Jordan’s Grand Mufti Seeks to Compete with ISIS on Twitter and Facebook

Ole Spata/picture-alliance/dpa/AP Images
Ole Spata/picture-alliance/dpa/AP Images

The BBC weighs in the contestants in a heavyweight social media boxing match between the “e-Muftis” of Jordan and Internet-savvy Islamist radicals:

In one corner, there’s the religious establishment of a global faith – complete with 1,400 years of collected learning. In the other, there is the self-styled Islamic State (ISIS/ISIL/IS) and its daily dose of propaganda videos flooding the Internet. Have traditional clerics got what it takes to be heard in this digital culture war?

It is clear the radicals currently hold the social media championship belt. “Even if every Muslim scholar in the world constantly tweeted against IS, young Muslims on social media could simply turn their backs and carry on reading IS’s output,” says the BBC. “But Jordan’s e-Muftis are among those beginning, slowly, to put up a fight online.”

The first round of the online slugfest took place in jihadi forums, where the e-Muftis argued with ISIS fanatics over whether the hideous immolation of captive Jordanian pilot Mu’ath al-Kaseasbeh was justified under Islamic law.

The Grand Mufti of Jordan, Abdul Karim Khasawneh, did not seem to fully grasp the urgency of competing for hearts and minds online, dismissively asserting that “the young generation have more power to do this than the older one.”

However, BBC correspondent Dominic Casciani was favorably surprised to find a “growing electronic department” staffed by “young scholars” equipped with PCs and smartphones above the Grand Mufti’s office, already staking out turf for “traditional Islam” on Facebook and Twitter, with an eye toward establishing a presence on every social media platform used by ISIS and their ilk.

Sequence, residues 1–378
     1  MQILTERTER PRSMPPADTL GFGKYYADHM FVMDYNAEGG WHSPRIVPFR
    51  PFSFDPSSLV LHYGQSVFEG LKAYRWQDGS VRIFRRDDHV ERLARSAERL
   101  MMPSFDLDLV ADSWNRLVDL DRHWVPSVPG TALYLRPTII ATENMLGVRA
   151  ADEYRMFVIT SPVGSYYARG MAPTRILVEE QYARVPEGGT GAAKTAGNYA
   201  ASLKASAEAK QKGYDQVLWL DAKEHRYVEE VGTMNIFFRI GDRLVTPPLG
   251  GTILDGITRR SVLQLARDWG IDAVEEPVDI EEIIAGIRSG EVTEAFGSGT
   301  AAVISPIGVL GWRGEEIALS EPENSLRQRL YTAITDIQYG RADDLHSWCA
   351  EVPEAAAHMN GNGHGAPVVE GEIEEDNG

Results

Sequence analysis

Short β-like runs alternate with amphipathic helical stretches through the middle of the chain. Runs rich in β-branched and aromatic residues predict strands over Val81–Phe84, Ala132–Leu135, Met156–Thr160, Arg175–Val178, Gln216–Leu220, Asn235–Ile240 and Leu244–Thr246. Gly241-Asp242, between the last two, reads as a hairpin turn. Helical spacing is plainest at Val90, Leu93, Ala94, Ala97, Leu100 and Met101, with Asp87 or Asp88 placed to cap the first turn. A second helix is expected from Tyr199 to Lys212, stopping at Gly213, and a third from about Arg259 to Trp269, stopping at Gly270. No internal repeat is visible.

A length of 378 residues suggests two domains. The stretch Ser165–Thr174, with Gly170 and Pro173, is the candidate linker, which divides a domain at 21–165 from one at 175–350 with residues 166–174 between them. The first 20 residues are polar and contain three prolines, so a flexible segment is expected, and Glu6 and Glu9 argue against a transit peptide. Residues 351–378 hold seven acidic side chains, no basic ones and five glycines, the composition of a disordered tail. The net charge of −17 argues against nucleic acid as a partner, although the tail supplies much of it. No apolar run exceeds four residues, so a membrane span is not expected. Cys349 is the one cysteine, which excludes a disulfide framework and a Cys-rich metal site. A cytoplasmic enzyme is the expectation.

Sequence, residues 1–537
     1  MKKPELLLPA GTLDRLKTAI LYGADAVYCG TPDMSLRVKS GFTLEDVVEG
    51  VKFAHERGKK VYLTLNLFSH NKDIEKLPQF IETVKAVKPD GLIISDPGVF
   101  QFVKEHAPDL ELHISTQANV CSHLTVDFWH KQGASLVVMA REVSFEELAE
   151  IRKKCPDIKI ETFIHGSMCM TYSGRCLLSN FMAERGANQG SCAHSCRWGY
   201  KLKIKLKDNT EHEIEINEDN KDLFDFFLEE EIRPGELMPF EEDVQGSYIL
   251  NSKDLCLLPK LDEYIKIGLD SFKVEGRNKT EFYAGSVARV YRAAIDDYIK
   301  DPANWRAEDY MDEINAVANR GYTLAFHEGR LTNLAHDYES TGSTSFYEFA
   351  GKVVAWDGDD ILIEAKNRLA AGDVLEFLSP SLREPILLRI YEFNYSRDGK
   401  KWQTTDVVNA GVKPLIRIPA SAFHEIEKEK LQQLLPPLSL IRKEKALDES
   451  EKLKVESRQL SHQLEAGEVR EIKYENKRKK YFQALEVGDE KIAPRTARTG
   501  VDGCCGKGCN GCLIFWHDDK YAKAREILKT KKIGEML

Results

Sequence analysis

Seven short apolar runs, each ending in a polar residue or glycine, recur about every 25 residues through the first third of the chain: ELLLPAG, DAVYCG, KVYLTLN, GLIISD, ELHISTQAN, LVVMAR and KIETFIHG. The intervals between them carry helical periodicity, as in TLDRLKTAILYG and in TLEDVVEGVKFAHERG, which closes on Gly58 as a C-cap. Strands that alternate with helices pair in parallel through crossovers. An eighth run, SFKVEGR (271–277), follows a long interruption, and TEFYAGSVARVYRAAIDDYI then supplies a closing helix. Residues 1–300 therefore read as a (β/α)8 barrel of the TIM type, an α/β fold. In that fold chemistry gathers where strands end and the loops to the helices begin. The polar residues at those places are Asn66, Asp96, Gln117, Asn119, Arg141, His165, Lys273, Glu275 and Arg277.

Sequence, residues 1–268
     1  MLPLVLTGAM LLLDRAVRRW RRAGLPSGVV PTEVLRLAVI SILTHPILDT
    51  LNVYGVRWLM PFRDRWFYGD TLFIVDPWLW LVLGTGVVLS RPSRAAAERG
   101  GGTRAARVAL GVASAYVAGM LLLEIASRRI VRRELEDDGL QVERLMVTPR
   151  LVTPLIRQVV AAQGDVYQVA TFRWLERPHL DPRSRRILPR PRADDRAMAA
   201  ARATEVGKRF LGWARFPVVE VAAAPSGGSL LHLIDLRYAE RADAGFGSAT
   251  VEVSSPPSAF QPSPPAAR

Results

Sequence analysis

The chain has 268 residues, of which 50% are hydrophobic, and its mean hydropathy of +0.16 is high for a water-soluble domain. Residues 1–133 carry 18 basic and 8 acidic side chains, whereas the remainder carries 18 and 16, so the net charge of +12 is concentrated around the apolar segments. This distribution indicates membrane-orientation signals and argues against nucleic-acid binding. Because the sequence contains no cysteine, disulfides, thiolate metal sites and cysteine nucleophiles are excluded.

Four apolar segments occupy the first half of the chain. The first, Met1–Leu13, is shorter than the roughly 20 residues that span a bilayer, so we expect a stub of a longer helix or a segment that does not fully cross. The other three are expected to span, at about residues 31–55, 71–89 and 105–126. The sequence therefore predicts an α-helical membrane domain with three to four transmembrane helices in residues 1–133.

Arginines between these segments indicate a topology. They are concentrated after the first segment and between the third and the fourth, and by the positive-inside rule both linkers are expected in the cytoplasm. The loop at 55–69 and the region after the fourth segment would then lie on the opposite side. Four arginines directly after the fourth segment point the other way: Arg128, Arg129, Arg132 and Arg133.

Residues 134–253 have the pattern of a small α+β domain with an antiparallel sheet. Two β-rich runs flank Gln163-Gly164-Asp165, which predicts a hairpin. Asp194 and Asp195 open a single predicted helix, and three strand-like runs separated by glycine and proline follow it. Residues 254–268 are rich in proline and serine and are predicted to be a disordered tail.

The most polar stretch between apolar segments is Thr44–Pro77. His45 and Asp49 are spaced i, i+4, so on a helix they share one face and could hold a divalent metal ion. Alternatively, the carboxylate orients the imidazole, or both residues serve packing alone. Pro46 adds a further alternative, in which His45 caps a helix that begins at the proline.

“These are the means through which the world communicates nowadays,” said one of those young scholars, Dr. Jamil Abu Sarah. “Many years ago, if we wanted to publish a ruling, we would print 2,000 copies and spread them, give them out to people. But now we can reach 100,000. Our audience is international. We are introducing translations of these fatwas – we’ve started with English.”

It’s a bit odd hearing the muftis talk as if the immense social media presence of Islamist radicals is a new threat they are only slowly awakening to. The hour is late for the e-muftis to “begin, slowly, to put up a fight online,” as the BBC puts it.

And the Jordanian government can afford to field a much larger and more effective operation. The Saudis certainly can. The BBC mentions the Saudis’ “anti-Islamic State” TV campaign last year, in which “scholars took questions on phone-in shows and they even had a stab at hashtags.” Zillionaire oil plutocrats can afford a lot more than a few Dial-a-Cleric telethons and a stab at hashtags.


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